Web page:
Hyperbilirubinemia: Reversible elevations in indirect (unconjugated) bilirubin related to inhibition of UDP-glucuronosyl transferase (UGT) have occurred in patients receiving Reyataz. Hepatic transaminase elevations that occur with elevated bilirubin in patients receiving Reyataz should be evaluated for alternative etiologies. No long-term safety data are available for patients experiencing persistent elevations in bilirubin >5 times the upper limit of normal (ULN). Alternative antiretroviral therapy to Reyataz may be considered if jaundice or scleral icterus associated with bilirubin elevations presents cosmetic concerns for patients. Dose reduction of Reyataz is not recommended since long-term efficacy of reduced doses has not been established.
Rash:
Rashes are usually mild to moderate maculopapular skin eruptions that occur within the first 3 weeks of initiating therapy with Reyataz. In most patients, rash resolves within 2 weeks while continuing Reyataz therapy. Reyataz should be discontinued if severe rash develops. Cases of Stevens-Johnson syndrome, erythema multiforme and toxic skin eruptions have been reported in patients receiving Reyataz.
Hepatic Impairment and Toxicity: Atazanavir is principally metabolized by the liver; caution should be exercised when administering Reyataz to patients with hepatic impairment because atazanavir concentrations may be increased (see Dosage & Administration: Hepatic Impairment). Patients with underlying hepatitis B or C viral infections or marked elevations in transaminases prior to treatment may be at increased risk for developing further transaminase elevations.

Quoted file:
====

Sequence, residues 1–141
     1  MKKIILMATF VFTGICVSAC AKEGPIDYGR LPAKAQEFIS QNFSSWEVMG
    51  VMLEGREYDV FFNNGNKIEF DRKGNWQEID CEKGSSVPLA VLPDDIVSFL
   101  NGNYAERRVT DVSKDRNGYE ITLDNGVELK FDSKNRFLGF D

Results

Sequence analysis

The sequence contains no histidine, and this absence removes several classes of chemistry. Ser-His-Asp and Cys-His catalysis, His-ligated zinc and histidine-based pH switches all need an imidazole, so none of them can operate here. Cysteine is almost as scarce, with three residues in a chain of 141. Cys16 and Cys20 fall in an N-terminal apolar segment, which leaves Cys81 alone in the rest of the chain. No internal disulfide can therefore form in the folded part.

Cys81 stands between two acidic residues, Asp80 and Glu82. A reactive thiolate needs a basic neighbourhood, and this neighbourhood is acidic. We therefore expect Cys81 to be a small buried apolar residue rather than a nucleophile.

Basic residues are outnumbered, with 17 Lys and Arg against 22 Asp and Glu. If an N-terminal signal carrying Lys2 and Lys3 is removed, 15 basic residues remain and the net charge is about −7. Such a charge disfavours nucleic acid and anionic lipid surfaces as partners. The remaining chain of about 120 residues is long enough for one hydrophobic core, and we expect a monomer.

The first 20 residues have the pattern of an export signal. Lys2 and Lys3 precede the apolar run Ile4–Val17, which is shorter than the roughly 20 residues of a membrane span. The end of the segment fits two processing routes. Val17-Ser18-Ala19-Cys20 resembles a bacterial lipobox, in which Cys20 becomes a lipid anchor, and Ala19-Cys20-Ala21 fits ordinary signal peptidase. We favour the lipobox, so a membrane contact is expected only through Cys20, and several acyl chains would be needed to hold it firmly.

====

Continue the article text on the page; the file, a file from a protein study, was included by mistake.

Nephrolithiasis: Cases of nephrolithiasis have been reported during post-marketing surveillance in HIV-infected patients receiving Reyataz therapy. If signs and symptoms of nephrolithiasis occur, temporary interruption or discontinuation of therapy may be considered.
Use in pregnancy & lactation: No teratogenic effects were observed in rats or rabbits at maternally toxic doses producing maternal exposures (AUC) 2 times (rats) and comparable to (rabbits) exposure in humans given 400 mg once daily. In the pre- and postnatal development assessment in rats, atazanavir produced transient body weight loss or gain suppression in the offspring at a maternally toxic dose. Offspring were unaffected at a lower dose which produced maternal exposure equivalent to that observed in humans given 400 mg once daily.